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Adventures in the Wild West of wind industry


Debra Levey Larson

Qi "Joyee" Zhu with wind turbine blade
Qi "Joyee" Zhu with wind turbine blade

AE alumna Qi “Joyee” Zhu never actually applied for her first job.

“During the last summer of my Ph.D. I was an intern at GE Global Research,” Zhu said. “The last thing they said to me when I left was ‘the offer is on the way.’ The letter was under my door when I arrived back in Illinois. I was very lucky to be assigned to work on an aviation composite project.”   

Zhu received her Ph.D. in 2001 in the Department of Aerospace Engineering at the University of Illinois Urbana-Champaign. As Philippe Geubelle’s first doctoral student, she studied the residual stress and warpage of thermoset composites.

While at GE Global Research, Zhu’s team worked with GE Aviation to develop the first-of-its-kind carbon composite fan containment system for GEnx-1B and -2B engines.

“We started from scratch, to material modeling, and all the way to FAA certification,” Zhu said. “But after working on that one project for about nine years, I wanted to do something new. I am passionate about technology and wanted to work on a core product.”

Wind turbines were becoming an important new source for renewable energy at the time, and because the blades are made of 100 percent composite materials, it seemed like a good fit for Zhu.

Today, she is a chief engineer at LM Wind Power, a GE Renewable Energy business and world-leading company in wind turbine blade design and manufacturing. But making that major career change from research to business came with challenges.

“I like to be in charge and I wanted to have more ownership so I moved to the business side of things,” she said. “In aviation, you have a very long product development cycle of five to 10 years. But when I moved to wind, it was like the Wild West. It’s very fast paced. In a year, you have a new product out, which means you have to make lots of changes very quickly. And that means coming with new dynamics.”

Zhu realized she had to adapt to be happy in this new work environment.

“The first half year was quite painful,” she said. “Initially, I was very excited in this new world, but at the end of the first half year, I was frustrated. I drew a line on a graph. The horizontal axis was time and the vertical axis was fun. My curve was going down so I had to adjust. What was wrong? Can I change and interact differently? That’s when I figured out what I should do and began kicking off to the next level.”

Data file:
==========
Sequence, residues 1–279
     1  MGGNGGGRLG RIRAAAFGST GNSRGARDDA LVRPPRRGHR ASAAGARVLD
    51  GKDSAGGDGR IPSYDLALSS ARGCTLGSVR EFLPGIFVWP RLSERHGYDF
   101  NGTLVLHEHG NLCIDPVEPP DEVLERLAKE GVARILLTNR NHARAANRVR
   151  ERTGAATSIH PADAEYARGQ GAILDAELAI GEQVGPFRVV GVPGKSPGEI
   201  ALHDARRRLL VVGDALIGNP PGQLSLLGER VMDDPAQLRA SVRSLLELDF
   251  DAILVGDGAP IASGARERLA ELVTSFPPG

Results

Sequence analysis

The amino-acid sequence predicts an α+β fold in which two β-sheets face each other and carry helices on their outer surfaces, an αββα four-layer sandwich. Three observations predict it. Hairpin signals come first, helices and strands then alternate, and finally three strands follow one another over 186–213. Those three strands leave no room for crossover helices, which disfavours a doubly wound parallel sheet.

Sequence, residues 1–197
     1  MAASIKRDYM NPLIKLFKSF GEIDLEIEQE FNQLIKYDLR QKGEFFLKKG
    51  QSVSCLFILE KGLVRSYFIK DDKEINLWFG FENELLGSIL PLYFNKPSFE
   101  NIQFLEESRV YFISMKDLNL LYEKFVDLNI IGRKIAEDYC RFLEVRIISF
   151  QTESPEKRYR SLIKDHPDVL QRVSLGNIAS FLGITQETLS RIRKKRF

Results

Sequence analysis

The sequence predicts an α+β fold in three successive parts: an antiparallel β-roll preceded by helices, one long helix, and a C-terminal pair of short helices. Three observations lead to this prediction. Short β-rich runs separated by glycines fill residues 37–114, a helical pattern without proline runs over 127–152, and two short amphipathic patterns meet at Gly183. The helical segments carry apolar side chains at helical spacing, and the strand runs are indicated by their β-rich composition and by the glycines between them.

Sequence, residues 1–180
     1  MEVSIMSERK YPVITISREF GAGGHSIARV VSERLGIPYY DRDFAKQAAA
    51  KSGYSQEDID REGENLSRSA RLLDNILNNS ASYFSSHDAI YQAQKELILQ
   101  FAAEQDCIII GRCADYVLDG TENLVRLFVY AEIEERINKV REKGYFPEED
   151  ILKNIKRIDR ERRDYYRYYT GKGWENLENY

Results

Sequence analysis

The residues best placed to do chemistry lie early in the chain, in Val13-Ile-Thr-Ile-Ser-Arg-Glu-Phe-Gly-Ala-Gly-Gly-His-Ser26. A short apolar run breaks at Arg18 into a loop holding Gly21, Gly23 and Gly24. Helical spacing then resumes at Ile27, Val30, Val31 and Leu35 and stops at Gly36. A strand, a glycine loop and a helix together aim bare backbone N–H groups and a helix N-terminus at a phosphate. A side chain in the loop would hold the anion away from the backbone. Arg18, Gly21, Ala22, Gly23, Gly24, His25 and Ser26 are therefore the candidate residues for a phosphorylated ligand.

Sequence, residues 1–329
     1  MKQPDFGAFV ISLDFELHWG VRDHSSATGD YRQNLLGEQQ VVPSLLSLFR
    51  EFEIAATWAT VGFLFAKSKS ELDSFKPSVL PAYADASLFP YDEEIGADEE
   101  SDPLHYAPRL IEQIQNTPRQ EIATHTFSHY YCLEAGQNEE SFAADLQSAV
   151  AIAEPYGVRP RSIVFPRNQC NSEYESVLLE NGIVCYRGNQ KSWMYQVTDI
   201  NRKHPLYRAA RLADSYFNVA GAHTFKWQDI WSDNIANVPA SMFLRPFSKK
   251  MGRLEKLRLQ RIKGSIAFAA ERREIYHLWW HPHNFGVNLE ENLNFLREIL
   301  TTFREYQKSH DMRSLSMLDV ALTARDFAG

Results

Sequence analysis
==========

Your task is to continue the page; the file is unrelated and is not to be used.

Although she didn’t originally set out to work in renewable energy, Zhu’s glad she’s in the field today.

“I have found a lot of purpose in my work with renewable energy and climate change. I think it is important that we look out for our planet. We need to do something for our children and grandchildren to keep our water clean, the environment clean. I believe the work I do is valuable and meaningful. And I’m very glad I stayed in the composite field.”

Zhu said just a few months ago she stumbled on a paper she had written 20 years prior. “We were trying to solve a real practical problem in the blade manufacturing. At the time, it made a great impact, and I’m still doing that.”

Zhu’s Ph.D. thesis looked at defamation – what happed to the blade during the blade manufacturing process. In creating a turbine blade the size of a football field, Zhu has to understand and mitigate that deformation and shrinkage of the polymer.

“We always try to find the best solution, which is safe and minimizes cost.” she said.

It’s about balance, Zhu said. “When creating a blade, it’s not just design. It’s manufacturing, materials, everything has to be considered. You need to balance between the aero team and the loads team, and design team, because there's always a conflict of interest. A good engineer knows how to balance that and maximize the value.

“That’s why I still love to be an engineer because there are endless problems to solve. There are always new problems. And when you get engineers together, they inspire each other because technology fascinates us. I have colleagues in Europe, India, Asia. It’s the technology that links us together.”

Zhu received a GE Edison Pioneer Award in 2014. Her team in GE Global Research Center won the Dushman Award which is their highest honor for a technology team. Zhu received the GE Women in Technology Award in 2009. She was named an Outstanding Recent Alumni of UIUC in 2008.